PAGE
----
A few other random observations from my Vegas trip last week:

The Aria is the only place I’ve visited in years where the Close Door button in the elevators actually closed the door. In most elevators, that button is as effective as the button on the sidewalk at an intersection that’s supposed to change the light to get traffic to stop so you can cross. We all know those buttons aren’t hooked up to anything. Pressing them is as futile as trying to get through to a human at AT&T Customer Support. But at Aria, you select your floor, then push the Close Door button, and it actually works.

The soap, shampoo, conditioner, and body wash all said they had a “Citrus and Green Tea” scent. I don’t know who wants to smell like tea, but I do know that “citrus” isn’t a scent. It’s a category that includes, oranges, lemons, lime, tangerines, grapefruits, etc. Telling me something has a “citrus” scent is no different than telling me it has a “dairy” scent, leaving me wondering whether I’m going to smell like skim milk, Greek yogurt, or limburger cheese.

There are no swimming pools at The Aria. Instead, they have three “lounging” pools. That means there’s no deep end and nowhere to swim laps. I discovered this when, after laying on a chaise longue for a while, I went for a dip and saw lots of people with just their heads sticking out of the water. But when I waded in, at no point in the pool did the water come over my swimsuit. Now, I’m 6’4”, so the deepest part of the pool couldn’t have been more than three-and-a-half feet, which meant that everyone in the pool was either a Munchkin or on their knees. It was the latter. People went into the pool to cool off, but only from the neck down. How odd.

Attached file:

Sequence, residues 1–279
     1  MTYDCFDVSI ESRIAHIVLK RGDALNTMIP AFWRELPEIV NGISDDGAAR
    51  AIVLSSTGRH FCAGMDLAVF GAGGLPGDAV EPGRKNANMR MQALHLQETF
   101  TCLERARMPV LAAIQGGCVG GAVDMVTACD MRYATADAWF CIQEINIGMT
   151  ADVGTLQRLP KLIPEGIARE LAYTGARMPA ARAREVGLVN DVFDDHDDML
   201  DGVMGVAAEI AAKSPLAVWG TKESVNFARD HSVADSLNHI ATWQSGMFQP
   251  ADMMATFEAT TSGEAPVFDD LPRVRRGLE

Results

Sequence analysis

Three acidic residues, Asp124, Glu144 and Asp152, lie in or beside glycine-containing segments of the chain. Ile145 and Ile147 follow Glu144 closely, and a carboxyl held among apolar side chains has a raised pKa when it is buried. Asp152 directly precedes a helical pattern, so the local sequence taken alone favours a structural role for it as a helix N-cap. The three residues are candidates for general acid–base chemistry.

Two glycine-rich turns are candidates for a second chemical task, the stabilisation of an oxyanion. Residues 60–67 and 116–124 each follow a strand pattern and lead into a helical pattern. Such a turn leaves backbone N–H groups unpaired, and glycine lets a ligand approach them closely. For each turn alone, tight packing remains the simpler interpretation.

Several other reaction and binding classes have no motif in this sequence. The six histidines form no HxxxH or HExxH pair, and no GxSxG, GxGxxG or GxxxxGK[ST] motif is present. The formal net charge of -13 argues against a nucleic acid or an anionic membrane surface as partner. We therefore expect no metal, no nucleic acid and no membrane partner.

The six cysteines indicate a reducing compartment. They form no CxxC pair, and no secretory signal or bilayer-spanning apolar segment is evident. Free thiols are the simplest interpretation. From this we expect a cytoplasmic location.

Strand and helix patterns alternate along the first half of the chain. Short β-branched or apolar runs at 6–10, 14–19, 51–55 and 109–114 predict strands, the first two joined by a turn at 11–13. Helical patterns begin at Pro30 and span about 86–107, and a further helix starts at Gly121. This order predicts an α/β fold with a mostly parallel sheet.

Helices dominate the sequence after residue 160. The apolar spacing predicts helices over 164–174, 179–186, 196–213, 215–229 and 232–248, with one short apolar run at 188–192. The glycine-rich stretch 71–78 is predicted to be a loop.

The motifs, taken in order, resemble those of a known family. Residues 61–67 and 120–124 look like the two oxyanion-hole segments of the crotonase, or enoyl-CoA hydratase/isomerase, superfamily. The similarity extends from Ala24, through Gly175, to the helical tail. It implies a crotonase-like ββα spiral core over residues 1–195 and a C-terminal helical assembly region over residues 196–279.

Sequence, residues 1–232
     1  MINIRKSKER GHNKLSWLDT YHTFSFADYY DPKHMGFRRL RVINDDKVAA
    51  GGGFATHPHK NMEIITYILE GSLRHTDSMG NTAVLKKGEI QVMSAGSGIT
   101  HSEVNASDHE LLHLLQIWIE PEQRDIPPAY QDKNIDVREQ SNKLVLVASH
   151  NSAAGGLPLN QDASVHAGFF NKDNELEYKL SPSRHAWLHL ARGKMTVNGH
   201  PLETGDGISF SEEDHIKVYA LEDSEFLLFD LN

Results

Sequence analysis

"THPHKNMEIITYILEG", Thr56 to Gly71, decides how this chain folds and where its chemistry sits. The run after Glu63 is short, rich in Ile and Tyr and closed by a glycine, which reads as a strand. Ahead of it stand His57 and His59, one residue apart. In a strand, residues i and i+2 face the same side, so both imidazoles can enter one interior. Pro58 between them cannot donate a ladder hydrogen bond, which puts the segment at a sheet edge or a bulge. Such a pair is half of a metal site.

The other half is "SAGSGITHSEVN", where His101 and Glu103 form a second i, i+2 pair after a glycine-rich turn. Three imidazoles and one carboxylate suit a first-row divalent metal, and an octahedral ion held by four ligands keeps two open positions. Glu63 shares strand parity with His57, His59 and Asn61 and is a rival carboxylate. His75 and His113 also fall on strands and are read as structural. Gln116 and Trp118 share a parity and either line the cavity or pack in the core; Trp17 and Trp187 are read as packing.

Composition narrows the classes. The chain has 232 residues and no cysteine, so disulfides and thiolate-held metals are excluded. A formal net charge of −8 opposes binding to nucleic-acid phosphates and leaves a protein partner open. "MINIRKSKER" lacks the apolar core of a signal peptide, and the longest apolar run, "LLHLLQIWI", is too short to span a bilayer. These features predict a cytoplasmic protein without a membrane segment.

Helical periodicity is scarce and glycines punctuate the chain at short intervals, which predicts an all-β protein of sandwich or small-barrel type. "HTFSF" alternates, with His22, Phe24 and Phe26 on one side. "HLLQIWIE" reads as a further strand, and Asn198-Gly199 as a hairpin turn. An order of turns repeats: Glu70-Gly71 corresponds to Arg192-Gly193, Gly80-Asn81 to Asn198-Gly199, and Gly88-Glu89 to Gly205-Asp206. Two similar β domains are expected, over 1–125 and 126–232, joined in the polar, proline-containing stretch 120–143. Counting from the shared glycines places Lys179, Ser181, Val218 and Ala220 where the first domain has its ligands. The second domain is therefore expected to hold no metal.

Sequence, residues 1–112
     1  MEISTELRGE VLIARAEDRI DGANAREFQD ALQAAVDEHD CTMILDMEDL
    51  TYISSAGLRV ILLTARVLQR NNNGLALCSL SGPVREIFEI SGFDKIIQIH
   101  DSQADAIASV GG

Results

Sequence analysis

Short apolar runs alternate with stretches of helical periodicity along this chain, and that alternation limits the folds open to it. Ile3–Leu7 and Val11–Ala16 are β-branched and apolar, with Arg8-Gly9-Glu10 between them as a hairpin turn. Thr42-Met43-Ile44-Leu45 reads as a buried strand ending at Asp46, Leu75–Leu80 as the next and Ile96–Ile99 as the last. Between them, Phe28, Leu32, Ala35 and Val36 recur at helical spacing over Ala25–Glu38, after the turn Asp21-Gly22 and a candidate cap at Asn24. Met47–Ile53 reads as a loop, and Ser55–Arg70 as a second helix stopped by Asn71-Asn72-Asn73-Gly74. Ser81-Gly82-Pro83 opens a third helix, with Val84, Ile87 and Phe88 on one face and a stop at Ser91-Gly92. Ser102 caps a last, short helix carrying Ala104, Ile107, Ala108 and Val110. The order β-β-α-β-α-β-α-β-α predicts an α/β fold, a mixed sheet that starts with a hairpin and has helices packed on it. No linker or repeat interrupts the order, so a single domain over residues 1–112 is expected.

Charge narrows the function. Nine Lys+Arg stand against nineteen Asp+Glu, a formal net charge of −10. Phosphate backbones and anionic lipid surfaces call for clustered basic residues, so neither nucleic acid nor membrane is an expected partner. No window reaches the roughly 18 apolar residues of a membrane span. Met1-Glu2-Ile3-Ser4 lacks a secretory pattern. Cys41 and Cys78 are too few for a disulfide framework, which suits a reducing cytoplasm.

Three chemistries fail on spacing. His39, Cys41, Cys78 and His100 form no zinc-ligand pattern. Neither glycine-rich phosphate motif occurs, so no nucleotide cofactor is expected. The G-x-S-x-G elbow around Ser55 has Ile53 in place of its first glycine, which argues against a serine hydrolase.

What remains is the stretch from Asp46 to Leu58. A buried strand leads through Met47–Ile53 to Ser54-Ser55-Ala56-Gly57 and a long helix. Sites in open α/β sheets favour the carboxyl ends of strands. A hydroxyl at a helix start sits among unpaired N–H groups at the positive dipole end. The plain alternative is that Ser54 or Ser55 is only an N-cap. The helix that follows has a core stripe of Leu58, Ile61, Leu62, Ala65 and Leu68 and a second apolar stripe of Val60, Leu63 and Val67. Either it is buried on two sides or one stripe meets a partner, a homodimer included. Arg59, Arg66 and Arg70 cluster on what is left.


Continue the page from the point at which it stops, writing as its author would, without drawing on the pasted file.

Why don’t hotel rooms use fitted sheets? At my height, my feet need to hang over the edge of the bed, but when the top sheet is tucked in, I won’t fit. So I always un-tuck that sheet, only to discover that the bottom sheet doesn’t cover the end of the mattress – so my feet are going to touch bare mattress, which is not a pleasant thought in a hotel room. If the hotel used fitted sheets, I wouldn’t have this problem, and all I’d have to worry about is what sort of germs and bodily fluids were left behind on the bedspread by the previous guest – the ones that will only show up under a blacklight when the local TV station shows up to investigate How Your Hotel Bed Can Kill You. That’s also why the bedspread and the extraneous other stuff (what is that long piece of fabric doing down at the foot of the bed?) get tossed on the floor in the corner of the room as soon as I get there. It seems like fitted sheets would also save time for the housekeepers, as pulling the sheet over the corners has got to be easier than short-sheeting and tucking.